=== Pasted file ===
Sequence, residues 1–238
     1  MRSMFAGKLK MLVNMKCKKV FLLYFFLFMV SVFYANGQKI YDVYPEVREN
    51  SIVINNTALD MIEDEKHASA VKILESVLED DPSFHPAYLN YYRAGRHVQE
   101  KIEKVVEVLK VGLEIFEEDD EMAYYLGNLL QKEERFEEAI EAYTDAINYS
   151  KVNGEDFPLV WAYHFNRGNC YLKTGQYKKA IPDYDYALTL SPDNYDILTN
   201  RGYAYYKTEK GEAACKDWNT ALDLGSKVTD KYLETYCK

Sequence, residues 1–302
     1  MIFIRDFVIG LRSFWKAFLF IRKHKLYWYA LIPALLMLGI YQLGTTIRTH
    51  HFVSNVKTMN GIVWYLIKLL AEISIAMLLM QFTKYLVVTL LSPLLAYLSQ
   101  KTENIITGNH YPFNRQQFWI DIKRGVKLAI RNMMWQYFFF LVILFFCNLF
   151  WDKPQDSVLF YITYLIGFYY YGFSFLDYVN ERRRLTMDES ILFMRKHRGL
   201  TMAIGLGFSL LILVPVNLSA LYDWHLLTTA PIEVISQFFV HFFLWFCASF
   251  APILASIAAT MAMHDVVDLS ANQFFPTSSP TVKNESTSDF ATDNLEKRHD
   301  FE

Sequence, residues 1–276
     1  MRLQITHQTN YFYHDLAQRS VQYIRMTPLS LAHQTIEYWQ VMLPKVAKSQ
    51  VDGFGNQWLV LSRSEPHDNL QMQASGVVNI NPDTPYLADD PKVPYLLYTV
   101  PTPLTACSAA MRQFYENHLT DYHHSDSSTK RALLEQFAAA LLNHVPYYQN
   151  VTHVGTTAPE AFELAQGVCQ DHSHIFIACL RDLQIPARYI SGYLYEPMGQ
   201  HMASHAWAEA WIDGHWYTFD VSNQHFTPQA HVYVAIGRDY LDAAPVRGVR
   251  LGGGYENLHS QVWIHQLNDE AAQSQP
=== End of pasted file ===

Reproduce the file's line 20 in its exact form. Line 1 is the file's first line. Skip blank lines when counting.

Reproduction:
   201  HMASHAWAEA WIDGHWYTFD VSNQHFTPQA HVYVAIGRDY LDAAPVRGVR